Of titled words, and still my spaniel slept. At length he wak’d, and yawn'd, and by yon Whilst I wasted lamp-oil, 'bated my flesh,
sky, Shrunk up my veins, and still my spaniel For aught I knew, he knew as much as I.
slept. And still I held converse with Zabarell, Aquinas, Scotus, and the musty saw
How 'twas created, how the soul exists : Of antic Donate, still my spaniel slept.
One talks of motes, the soul was made of Still on went I, first an sit anima,
motes; Then, an it were mortal; oh, hold, hold,
Another fire, t other light, a third a spark of At that they are at brain buffets, fell by the
star-like nature; ears,
Hippo, water; Anaximenes, air ; Amain, pell-mell together; still my spaniel Aristoxenus, music; Critias, I know not what; slept.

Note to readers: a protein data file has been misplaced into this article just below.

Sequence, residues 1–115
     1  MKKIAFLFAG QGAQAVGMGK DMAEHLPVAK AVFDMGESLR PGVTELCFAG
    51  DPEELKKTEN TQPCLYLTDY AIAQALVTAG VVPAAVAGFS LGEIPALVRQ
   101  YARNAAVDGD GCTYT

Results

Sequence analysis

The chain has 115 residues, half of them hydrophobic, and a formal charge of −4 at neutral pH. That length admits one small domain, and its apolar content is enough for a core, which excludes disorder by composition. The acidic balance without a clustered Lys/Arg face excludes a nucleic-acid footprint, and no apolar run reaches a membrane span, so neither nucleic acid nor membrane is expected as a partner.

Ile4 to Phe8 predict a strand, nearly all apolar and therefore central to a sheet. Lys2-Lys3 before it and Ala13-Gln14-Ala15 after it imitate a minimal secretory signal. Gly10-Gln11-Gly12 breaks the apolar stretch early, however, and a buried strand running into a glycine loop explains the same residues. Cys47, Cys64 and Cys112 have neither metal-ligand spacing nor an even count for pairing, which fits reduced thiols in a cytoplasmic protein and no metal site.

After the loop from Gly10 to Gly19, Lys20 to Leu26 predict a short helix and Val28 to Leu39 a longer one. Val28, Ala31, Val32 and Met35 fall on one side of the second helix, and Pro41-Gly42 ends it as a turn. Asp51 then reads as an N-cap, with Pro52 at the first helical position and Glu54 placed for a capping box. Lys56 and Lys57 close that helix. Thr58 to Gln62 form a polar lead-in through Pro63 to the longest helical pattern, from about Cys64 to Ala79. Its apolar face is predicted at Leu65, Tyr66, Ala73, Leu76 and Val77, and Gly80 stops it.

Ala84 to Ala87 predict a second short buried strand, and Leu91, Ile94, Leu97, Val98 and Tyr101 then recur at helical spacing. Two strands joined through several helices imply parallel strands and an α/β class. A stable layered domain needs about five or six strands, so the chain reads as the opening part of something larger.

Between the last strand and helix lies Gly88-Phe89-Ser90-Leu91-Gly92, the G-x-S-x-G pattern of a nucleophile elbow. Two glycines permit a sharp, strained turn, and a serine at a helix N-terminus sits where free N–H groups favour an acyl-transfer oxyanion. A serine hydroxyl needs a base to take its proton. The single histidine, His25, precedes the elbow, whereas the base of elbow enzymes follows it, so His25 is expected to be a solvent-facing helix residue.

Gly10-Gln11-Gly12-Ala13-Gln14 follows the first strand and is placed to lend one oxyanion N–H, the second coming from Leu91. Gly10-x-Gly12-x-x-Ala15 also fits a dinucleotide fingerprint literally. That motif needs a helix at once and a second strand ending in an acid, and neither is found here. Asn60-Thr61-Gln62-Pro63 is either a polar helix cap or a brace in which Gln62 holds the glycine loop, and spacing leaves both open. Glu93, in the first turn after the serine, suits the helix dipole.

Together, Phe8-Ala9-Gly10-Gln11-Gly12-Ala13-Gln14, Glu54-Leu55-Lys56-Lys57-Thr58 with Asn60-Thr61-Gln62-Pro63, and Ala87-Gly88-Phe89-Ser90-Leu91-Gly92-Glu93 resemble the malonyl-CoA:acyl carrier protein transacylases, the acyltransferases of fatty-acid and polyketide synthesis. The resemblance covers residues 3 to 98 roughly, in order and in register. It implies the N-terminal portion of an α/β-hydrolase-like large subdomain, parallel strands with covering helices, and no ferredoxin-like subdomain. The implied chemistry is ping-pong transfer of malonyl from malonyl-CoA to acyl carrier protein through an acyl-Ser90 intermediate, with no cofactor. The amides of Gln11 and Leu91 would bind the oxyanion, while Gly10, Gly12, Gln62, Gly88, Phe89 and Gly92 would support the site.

A company of odd Phrenetici Then whether 't were corporeal, local, fix'd, Did eat my youth ; and when I crept abroad, Extraduce; but whether 't had free will
Finding my numbness in this nimble age, Or no, O philosophers,
I fell a railing." Stood banding factions, all so strongly propp'd, I stagger'd, knew not which was firmer part; In the following Chapters of this Book we But thought, quoted, read, observed, and shall give a brief analysis of several of the pried,
plays belonging to this period, which have Stuff'd noting books, and still my spaniel been ascribed to Shakspere.
SIR JOHN OLDCASTLE. PART I.